"Every individual officer that I have come to know personally is a credit to their profession," Adler said. "Nothing about what I believe is inconsistent with also believing that we expect too much of our officers, and this can cause harm to officers and community members alike... I can support and honor our police and still confront institutional racism and support changing a warrior culture to one that leads with a guardian mindset."
Adler said he admired the heroism of officers that responded to the Sixth Street shooting earlier this year and said that two more cadet classes were approved in next year's budget as the city works to properly train and hire more officers.
Finally, Adler addressed criticism on the city's handling of the homelessness crisis.
According to Adler, the city has closed homeless encampments at the library on Cesar Chavez, at the Menchaca intersection with Ben White Boulevard, from around City Hall and Cesar Chavez near Congress Avenue. Adler also said that many veterans and children have been helped off the streets while the city works to convert hotels into apartments for the homeless and house 3,000 in the next three years.
Adler hopes that the community will once more come together against their common enemies as they work toward the future.
"I don't know the answer to the great harm caused by the misinformation casting and shadow over Austin, but I know in the end it is up to you," Adler said. "We should each seek out and be guided by the truth. Each of us in the solitude of our own conscience will have the absolute power to make for ourselves and our families, those choices that best protect our neighbors and their families too."
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Giga Texas, the massive Tesla factory in southeast Travis County is getting even bigger.
The company filed with the city of Austin this week to expand its headquarters with a new 500,000-square-foot building. The permit application notes “GA 2 and 3 expansion,” which indicates the company will make two general assembly lines in the building.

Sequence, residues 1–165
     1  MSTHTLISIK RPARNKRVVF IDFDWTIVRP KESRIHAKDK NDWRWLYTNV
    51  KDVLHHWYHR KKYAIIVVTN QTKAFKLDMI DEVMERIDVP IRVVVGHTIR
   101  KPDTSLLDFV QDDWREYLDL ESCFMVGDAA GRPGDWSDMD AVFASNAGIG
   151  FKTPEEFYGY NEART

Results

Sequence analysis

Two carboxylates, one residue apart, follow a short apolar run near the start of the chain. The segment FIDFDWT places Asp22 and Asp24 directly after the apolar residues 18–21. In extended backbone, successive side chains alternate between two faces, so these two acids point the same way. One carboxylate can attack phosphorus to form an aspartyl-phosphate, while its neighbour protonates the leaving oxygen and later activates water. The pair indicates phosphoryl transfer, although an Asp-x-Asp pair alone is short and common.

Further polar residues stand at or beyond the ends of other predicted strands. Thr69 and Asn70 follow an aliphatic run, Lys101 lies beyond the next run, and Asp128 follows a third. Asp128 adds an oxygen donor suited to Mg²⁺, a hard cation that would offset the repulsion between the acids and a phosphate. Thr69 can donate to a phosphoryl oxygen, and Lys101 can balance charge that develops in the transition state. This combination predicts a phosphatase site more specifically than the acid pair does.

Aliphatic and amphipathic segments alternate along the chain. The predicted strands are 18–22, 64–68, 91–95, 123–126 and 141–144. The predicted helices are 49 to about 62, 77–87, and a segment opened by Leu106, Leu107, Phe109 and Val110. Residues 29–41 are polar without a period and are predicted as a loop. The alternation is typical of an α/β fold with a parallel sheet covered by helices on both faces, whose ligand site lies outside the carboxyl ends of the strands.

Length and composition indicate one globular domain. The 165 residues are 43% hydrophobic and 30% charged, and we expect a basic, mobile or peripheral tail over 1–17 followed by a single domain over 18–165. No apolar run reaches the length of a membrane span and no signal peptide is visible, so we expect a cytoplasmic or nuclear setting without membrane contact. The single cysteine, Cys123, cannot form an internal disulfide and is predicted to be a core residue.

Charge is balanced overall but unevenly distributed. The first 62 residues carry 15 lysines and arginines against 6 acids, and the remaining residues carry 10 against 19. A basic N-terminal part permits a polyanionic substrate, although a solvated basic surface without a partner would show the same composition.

More details about the plans for the building are unclear. The gigafactory has been focused on Model Y production since it opened in April, but the company is also aiming for Cybertruck production to kick off in mid-2023.
While there is room for expansion on the 3.3 square miles of land Tesla has, this move comes after CEO Elon Musk’s recent comments about the state of the economy and its impact on Tesla.
In a May interview with Tesla Owners Silicon Valley, Musk said the gigafactories in Berlin and Austin are “gigantic money furnaces” and said Giga Texas had manufactured only a small number of cars.
And in June, Musk sent a company wide email saying Tesla will be reducing salaried headcount by 10%, then later tweeted salaried headcount should be fairly flat.
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You’ll have to leave city limits if you’re looking for a proper ranch property like 417 Acres Shipp Lake Ranch, aptly named for its acreage. The property comes built out with three farmhouses, one of which has bedrooms and two bathrooms and two of which have two bedrooms and one bathroom. The nearly untouched property, which surrounds the 100-plus-acre Shipp Lake, has remained in the same family since the early 1900s and gives you picturesque views for the making of a dream home. In fact, the previous owners ran a water ski camp on the property.